# Chapter 11 glossary terms electricity unit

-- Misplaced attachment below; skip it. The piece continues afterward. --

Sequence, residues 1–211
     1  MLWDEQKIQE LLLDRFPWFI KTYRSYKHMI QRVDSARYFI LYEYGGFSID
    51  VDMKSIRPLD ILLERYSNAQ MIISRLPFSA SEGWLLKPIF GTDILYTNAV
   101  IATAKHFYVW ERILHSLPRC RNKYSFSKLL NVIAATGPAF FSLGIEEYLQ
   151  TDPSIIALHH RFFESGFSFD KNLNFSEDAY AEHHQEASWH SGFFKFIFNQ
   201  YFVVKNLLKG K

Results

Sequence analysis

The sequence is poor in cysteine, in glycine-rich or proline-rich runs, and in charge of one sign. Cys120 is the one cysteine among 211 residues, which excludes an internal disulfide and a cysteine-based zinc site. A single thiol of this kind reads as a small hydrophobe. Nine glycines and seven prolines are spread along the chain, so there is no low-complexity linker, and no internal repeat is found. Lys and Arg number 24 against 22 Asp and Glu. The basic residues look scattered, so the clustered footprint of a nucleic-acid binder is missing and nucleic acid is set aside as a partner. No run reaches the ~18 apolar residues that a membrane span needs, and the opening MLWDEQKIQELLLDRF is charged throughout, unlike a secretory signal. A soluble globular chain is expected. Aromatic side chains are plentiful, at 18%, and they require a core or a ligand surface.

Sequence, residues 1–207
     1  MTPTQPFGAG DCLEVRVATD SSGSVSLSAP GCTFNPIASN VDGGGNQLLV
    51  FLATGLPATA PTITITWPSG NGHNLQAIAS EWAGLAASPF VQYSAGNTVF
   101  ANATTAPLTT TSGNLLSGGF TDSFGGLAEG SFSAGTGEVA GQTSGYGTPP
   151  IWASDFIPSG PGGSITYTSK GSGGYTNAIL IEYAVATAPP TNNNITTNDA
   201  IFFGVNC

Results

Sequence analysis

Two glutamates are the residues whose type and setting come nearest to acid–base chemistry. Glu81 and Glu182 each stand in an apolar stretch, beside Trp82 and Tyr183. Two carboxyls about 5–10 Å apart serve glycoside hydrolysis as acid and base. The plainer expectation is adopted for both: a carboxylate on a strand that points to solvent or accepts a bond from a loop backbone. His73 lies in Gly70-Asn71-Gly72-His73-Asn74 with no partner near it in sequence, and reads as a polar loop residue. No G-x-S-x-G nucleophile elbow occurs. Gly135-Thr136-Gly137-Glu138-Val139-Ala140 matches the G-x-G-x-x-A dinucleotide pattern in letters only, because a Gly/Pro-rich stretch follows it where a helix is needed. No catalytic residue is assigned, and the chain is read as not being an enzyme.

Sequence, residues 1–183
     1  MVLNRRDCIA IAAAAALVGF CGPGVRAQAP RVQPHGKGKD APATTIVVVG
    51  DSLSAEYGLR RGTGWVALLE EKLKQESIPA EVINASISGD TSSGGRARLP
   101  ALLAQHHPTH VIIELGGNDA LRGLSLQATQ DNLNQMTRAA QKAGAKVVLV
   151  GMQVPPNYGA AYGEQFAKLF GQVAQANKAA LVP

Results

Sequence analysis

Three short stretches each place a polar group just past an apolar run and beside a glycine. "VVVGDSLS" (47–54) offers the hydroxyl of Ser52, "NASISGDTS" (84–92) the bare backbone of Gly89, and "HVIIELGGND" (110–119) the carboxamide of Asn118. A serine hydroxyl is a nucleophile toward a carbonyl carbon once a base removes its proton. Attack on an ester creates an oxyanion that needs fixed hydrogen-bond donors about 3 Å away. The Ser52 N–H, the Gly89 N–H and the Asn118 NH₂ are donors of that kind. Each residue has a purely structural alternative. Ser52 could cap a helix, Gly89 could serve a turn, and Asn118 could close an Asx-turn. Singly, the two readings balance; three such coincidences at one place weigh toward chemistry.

Electric circuit A closed path along which electrons that are powered by an energy source can flow. e.g: A light bulb is a component that is powered by an electric circuit. Voltaic cell A source of energy that generates electric current  by chemical reactions involving two different metals or metal compounds separated by a solution that is a conductor. e.g: A light bulb Battery A connection of two or more cells. Electrode One of two metal terminals in a cell or battery. e.g: positive terminal, negative terminal Electrolyte A solution or paste that conducts charge. e.g: moist paste in a cell (battery) Dry cell A cell that contains an electrolyte that is a paste. Wet cell A cell that contains a liquid electrolyte. Primary cell A cell that can only be used once. e.g: a AA battery Secondary cell A cell that can be recharged. e.g: a cell phone Fuel cell A cell that generates electricity through the chemical reactions of fuel that is stored outside the cell. e.g: a fuel cell car Solar cell A cell that converts sunlight into electrical energy. e.g: a solar panel Terminal Location on a cell that must be connected to other components to form a circuit. e.g: a positive terminal and a negative terminal Switch A control device that can complete or break the circuit it is connected to. e.g: a light switch Open circuit A circuit that contains a gap or break. Electric current The rate of movement of electric charge e.g: Amperes Coulomb (C) The quantity of charge equal to the charge of 6.25x10^18. Ampere (A) The unit of electric current, equivalent to one coulomb per second. Electrical resistance The property of a substance that hinders electric current and converts electrical energy to other forms of energy. Resistor a device used in an electric circuit to decrease the current through a component by a specific amount. Load A resistor or any other device that transforms electrical energy into heat, motion, sound, or light. e.g: a microwave Potential difference (voltage) The difference between the electric potential energy per unit of charge at two points in a circuit. Volt The unit for potential difference, equivalent to one joule (J) per coulomb (C). Circuit diagram A diagram that uses standard symbols to represent the components in an electric circuit and their connections. Series circuit A circuit in which there is only one path along which electrons can flow. Parallel circuit A circuit in which there is more than one path for electrons to flow. Ohm’s law The ratio of potential difference to current is a constant called resistance. Ohm (Ω) The unit for resistance, equivalent to one volt per ampere (V/A) Superconductor A material through which electric charge can flow with no resistance. e.g: aluminum Non-ohmic Not following Ohm’s law. Authorc_hockey ID286428 Card SetChapter 11 glossary terms electricity unit Descriptionchapter 11 Updated2014-10-20T22:05:04Z Show Answers